// This code will yield no assertion failures.
var
  p: Pointer;
  o: TObject;
  a: array of Integer;
begin
  p := TDBGrid;
  Assert(IsClass(p));

  p := TForm.Create(nil);
  Assert(IsObject(p));

  // So far, so good. Works just as expected.
  // Now things get interesting:

  Pointer(a) := p;
  Assert(IsObject(a));
  Pointer(a) := nil;
  // A dynamic array is an object? Hmm.

  o := nil;
  try
    IsObject(o);
    Assert(False);
  except
    on e: TObject do
      Assert(e is EAccessViolation);
  end;
  // The variable is clearly a TObject, but since it
  // doesn't hold a reference to an object, IsObject
  // can't check whether its class field looks like
  // a valid class reference.
end;

Notice that the functions tell 20 you nothing about the variables, only about the 19 values they hold. I wouldn't really consider those 18 functions, then, to answer the question 17 of how to get type information about a variable.

Furthermore, you 16 said that all you know about the variable 15 is its address. The functions you found 14 do not take the address of a variable. They 13 take the value of a variable. Here's a demonstration:

var
  c: TClass;
begin
  c := TDBGrid;
  Assert(IsClass(c));
  Assert(not IsClass(@c)); // Address of variable
  Assert(IsObject(@c)); // Address of variable is an object?
end;

You 12 might object to how I'm abusing these functions 11 by passing what's obviously garbage into 10 them. But I think that's the only way it makes 9 sense to talk about this topic. If you know 8 you'll never have garbage values, then you 7 don't need the function you're asking for 6 anyway because you already know enough about 5 your program to use real types for your 4 variables.

Overall, you're asking the wrong 3 question. Instead of asking how you determine 2 the type of a variable or the type of a 1 value in memory, you should be asking how you got yourself into the position where you don't already know the types of your variables and your data.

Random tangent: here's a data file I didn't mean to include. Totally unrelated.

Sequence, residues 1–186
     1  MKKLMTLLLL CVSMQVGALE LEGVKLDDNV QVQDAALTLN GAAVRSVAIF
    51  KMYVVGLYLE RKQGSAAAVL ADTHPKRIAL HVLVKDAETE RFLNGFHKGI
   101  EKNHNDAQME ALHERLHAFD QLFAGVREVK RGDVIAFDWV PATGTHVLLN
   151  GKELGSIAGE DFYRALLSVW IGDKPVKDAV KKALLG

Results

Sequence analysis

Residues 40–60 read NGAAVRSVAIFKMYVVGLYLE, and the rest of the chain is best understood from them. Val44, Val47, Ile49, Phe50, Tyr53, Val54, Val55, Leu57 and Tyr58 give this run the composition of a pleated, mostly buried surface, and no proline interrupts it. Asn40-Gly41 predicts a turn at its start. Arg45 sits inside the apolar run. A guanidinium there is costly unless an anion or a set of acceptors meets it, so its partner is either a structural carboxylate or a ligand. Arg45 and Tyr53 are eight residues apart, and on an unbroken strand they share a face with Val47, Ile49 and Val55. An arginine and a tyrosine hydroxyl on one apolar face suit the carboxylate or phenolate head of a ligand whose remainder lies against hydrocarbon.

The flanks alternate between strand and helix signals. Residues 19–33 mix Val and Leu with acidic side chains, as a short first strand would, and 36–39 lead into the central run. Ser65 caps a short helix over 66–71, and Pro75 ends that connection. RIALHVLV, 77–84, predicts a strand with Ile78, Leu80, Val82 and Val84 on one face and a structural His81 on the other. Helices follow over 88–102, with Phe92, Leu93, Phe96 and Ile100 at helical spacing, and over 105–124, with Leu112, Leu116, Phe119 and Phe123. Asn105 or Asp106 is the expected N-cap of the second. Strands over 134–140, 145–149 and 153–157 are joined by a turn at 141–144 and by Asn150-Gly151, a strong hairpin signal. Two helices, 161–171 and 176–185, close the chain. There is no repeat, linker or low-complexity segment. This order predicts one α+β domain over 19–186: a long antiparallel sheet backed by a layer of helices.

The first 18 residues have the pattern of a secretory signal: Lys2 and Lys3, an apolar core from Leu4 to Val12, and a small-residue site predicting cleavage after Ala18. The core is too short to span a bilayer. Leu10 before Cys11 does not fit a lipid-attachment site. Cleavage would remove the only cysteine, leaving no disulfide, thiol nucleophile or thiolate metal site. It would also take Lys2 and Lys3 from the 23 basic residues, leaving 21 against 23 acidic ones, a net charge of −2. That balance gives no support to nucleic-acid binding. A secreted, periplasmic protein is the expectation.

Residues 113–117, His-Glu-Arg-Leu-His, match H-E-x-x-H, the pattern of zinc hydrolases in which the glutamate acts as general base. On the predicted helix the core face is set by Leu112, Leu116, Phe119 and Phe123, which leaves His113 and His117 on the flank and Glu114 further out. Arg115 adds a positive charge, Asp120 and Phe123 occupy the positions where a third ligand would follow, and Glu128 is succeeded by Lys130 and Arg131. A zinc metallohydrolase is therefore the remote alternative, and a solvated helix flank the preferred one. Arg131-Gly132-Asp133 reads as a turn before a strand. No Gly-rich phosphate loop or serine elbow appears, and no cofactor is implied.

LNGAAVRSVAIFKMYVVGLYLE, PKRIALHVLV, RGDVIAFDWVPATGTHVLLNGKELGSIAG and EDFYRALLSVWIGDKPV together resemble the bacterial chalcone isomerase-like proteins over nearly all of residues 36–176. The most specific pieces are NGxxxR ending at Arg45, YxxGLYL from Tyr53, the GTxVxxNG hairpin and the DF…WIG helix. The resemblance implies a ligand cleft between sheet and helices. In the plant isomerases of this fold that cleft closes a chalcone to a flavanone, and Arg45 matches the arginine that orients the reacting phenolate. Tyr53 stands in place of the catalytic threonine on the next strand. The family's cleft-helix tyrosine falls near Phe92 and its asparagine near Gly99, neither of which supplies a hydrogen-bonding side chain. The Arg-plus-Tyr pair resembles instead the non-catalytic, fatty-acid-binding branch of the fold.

Score: 4

With generics, it is now possible to get 5 the type info without specifying it. Certain 4 users indicated the following code doesn't 3 compile without errors. As of Delphi 10 2 Seattle, version 23.0.20618.2753, it compiles 1 without errors, as seen below in the screenshot.

program TypeInfos;
{$APPTYPE CONSOLE}
{$R *.res}

uses
  System.SysUtils, System.TypInfo;

type
  TTypeInfo = class
    class procedure ShowTypeInfo<T>(const X: T);
  end;

{ TTypeInfo }

class procedure TTypeInfo.ShowTypeInfo<T>(const X: T);
var
  LTypeInfo: PTypeInfo;
begin
  LTypeInfo := TypeInfo(T);
  WriteLn(LTypeInfo.Name);
end;

var
  L: Exception;
  B: Boolean;
begin
                             // Console output
  TTypeInfo.ShowTypeInfo(L); // Exception
  TTypeInfo.ShowTypeInfo(B); // Boolean
end.

enter image description here

Score: 2

Not that I know of. You can get RTTI (Run 10 Time Type Information) on published properties 9 of a class, but not for "normal" variables 8 like strings and integers and so forth. The 7 information is simply not there.

Besides, the 6 only way you could pass a var without passing 5 a type is to use either a generic TObject 4 parameter, a generic type (D2008, as in 3 ), or as an untyped parameter. I can't think 2 of another way of passing it that would 1 even compile.

More Related questions